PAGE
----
It was born in the streets.
Hip-hop — the influential music, dance and art movement that will be honored with new stamps from the Postal Service this week — emerged in the mid-1970s at playgrounds and community centers in African American and African Caribbean neighborhoods in New York City.
The budget cuts of the era resulted in the elimination of music and art programs, prompting young New Yorkers to find new outlets for their creativity.
Some used city streetlights to power homemade speakers that brought music to block parties, while others practiced rhymes on street corners using portable tape players called boom boxes. Still others practiced dance moves on sidewalks covered with discarded cardboard or used markers and aerosol paint to decorate urban landscapes.
These four activities — DJing, rapping, break dancing and graffiti art — evolved together and eventually became known as “hip-hop.”
In the beginning, DJs were the heart of the movement.
Pioneers like DJ Kool Herc changed the way music was played, using turntables to mix back and forth between multiple records and extend the percussion segment known as “the break.”
Another technique, “scratching” — playing a record backward in a rhythmic pattern — excited break dancers, who earned their name through the amazing acrobatic moves they displayed during the DJs’ performances.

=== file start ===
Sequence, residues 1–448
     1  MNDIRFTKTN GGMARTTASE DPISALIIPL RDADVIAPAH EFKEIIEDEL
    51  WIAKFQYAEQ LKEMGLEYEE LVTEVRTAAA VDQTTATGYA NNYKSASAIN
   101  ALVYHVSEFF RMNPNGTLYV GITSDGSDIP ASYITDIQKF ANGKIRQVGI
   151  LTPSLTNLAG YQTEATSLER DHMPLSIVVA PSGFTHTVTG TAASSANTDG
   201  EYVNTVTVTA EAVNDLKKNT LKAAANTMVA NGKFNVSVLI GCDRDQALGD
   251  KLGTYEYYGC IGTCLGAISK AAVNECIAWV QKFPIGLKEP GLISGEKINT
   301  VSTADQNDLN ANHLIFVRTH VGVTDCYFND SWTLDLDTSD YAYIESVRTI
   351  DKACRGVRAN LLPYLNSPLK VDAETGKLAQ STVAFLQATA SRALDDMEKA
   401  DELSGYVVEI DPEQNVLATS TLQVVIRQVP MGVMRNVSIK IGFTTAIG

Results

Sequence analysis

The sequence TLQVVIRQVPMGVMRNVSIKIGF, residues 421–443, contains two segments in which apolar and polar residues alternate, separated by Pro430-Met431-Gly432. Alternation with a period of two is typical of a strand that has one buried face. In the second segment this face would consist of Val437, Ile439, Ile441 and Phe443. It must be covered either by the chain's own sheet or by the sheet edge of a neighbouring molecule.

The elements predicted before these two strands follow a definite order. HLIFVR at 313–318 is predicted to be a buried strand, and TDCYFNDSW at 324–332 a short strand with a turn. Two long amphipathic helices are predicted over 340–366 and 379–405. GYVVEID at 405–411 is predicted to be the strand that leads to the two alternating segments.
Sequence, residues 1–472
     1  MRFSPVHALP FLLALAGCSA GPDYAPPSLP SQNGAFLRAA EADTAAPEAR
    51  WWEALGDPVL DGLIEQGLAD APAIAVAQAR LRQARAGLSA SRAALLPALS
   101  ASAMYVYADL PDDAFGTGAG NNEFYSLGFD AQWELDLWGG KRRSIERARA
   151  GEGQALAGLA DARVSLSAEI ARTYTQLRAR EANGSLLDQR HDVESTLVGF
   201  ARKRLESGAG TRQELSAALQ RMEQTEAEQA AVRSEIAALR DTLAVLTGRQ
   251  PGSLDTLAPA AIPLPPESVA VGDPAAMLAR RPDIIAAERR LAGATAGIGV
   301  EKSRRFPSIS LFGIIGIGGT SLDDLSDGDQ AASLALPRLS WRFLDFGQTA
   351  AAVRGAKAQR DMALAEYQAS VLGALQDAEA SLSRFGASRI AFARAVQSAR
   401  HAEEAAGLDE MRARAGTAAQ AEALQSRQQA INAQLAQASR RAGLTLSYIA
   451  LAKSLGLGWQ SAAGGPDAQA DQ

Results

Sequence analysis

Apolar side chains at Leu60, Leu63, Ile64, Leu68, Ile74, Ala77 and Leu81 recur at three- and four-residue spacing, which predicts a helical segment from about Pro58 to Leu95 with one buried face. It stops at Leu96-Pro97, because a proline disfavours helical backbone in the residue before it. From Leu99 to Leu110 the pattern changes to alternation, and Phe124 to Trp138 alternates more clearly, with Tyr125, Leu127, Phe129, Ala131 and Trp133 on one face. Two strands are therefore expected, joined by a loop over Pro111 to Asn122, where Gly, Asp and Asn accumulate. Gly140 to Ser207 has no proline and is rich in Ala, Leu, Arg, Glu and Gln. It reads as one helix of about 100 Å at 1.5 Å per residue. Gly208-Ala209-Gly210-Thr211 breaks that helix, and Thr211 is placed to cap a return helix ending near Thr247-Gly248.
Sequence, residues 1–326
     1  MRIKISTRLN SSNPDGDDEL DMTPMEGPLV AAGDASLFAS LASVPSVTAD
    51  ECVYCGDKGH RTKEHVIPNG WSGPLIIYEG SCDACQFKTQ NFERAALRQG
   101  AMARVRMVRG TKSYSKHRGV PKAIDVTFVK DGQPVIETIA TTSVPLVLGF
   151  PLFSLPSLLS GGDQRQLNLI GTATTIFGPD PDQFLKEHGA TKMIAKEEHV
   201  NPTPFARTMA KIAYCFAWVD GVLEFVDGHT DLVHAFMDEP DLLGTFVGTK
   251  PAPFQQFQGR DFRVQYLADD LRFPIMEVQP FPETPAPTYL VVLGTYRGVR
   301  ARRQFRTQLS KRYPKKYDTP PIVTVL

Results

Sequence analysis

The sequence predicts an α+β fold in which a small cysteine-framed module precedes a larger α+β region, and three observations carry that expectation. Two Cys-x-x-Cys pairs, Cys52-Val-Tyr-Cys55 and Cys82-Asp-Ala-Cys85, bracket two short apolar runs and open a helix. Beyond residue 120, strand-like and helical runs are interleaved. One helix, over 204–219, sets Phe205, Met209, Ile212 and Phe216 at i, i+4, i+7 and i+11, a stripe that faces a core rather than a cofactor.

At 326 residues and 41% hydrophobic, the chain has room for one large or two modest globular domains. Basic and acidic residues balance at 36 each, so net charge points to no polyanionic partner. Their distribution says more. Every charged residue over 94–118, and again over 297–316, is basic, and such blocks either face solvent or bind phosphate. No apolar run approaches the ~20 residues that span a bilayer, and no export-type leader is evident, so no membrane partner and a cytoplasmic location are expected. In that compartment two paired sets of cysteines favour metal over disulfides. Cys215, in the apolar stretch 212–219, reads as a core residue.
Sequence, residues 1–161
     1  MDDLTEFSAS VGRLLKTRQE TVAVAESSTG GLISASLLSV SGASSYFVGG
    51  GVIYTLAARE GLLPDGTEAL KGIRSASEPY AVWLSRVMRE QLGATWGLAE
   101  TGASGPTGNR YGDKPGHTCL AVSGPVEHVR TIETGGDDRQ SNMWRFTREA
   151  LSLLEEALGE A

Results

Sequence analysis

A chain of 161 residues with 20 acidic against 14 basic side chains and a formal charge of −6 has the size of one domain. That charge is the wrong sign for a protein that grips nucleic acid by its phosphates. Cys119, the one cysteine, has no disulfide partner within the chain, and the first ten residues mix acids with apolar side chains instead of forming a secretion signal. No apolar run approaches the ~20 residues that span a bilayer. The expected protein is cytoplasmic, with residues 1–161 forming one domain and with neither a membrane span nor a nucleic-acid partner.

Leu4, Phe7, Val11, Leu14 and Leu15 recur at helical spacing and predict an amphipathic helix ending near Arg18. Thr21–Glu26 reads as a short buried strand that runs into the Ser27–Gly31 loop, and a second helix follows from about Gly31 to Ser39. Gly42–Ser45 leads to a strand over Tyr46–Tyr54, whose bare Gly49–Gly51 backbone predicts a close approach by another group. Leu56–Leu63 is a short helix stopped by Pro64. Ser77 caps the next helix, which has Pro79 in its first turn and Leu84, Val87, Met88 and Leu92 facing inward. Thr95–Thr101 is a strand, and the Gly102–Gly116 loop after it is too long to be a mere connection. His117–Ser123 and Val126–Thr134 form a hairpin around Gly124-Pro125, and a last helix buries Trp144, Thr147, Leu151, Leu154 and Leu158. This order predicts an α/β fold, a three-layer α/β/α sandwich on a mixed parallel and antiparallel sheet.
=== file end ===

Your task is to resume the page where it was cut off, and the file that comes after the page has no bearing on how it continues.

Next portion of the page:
Rappers began performing over the DJs’ innovative beats, first as crowd control and general emceeing (“Everybody say, ‘Ho-oh!’”), and soon became featured performers who told more elaborate rhymed stories to the beats of the increasingly dynamic musical selections.
Hip-hop battles in rhyme and dance also provided New York’s youth with new ways to resolve neighborhood conflicts.
Meanwhile, graffiti artists — some of whom were also dancers and rappers — honed their mural designs on city subways before finding recognition in more traditional venues.
By 1979, the movement had hit the radio airwaves when Sugarhill Gang’s “Rapper’s Delight” became the first hip-hop record to gain popularity in the mainstream.
It was an early sign of the widespread appeal that hip-hop would find in the decades to come.
This is the first of two articles on the history of hip-hop. Tomorrow: Hip-hop’s ongoing evolution.